Bullying victims often cite lasting psychological damage as a consequence, but a new study shows that those who are bullied also suffer academically, especially high-achieving black and Latino students.
The study shows that students who reported being bullied in the 10th grade saw a slight decrease in GPA by 12th grade -- but the change is sharper for black and Latino students who tend to earn high grades.
While the overall decrease in GPA for bullied students over the studied period was 0.049 points (on a GPA scale with 0 being the lowest and 4 being the highest), black students saw a 0.3-point decrease in 12th grade GPA from a 3.5 GPA in 9th grade -- before they were bullied. Worse, high achieving Latinos who were bullied experienced a 0.5-point drop in GPA from a 3.5 their freshman year. Carrying the same control variables, bullied white students only saw a 0.03-point drop in GPA.
"Stereotypes about black and Latino youth suggest that they perform poorly in school," study co-author Lisa M. Williams said in a statement. "High achieving black and Latinos who do not conform to these stereotypes may be especially vulnerable to the effect bullying has on grades."
Low-achieving black and Latino students proved to respond less academically to bullying, yielding under 0.1-point decrease in GPA over the period, whereas low-achieving white students responded more with over a 0.1-point drop.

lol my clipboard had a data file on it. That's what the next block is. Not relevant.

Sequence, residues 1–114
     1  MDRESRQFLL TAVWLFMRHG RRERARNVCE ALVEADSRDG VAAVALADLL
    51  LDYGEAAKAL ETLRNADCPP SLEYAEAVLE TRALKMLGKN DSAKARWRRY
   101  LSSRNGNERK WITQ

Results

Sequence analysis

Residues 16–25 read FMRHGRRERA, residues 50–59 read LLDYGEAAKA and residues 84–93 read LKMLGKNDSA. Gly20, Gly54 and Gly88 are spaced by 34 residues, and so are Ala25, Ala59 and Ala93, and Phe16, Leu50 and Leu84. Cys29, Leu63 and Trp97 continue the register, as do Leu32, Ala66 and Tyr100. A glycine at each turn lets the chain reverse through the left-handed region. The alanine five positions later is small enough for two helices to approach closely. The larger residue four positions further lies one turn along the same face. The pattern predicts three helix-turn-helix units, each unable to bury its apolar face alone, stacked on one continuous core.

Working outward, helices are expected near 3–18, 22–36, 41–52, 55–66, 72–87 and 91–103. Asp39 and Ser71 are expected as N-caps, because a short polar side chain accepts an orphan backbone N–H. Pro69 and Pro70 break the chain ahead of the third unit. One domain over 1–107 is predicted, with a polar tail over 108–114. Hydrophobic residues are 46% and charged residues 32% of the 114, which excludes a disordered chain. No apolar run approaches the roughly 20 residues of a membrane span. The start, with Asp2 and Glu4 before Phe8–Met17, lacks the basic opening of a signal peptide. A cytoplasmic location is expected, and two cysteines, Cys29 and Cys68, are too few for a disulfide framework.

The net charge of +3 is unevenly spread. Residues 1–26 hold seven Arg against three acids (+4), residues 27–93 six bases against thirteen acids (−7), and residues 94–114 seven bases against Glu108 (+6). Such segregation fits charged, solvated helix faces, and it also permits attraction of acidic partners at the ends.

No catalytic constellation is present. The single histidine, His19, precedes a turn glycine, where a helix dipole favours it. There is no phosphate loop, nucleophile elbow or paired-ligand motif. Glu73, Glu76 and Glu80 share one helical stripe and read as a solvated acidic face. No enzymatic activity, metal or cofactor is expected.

All Asian students, whether high- or low-achieving, experienced a 0.3-point decrease in GPA after being bullied in 10th grade.
Led Williams, a doctoral student in sociology at Ohio State University, and Anthony A Peguero, a sociology professor at Virginia Tech, the study worked off of previous national bullying data and surveyed 9,590 students across 580 schools. The results are presented today at the American Sociological Association's annual meeting in Las Vegas.
Williams and Peguero found that 40 percent of those studied reported experiencing instances of bullying. The researchers analyzed the causal effects of bullying on academic performance by removing variables of a student's former grades and family background.
The results of this study echo those of another released earlier this month, in which research showed that schools with more instances of student bullying yielded lower test scores.
Recent studies have also revealed other negative effects of bullying beyond psychological damage, including higher odds of bullying victims becoming overweight or obese.
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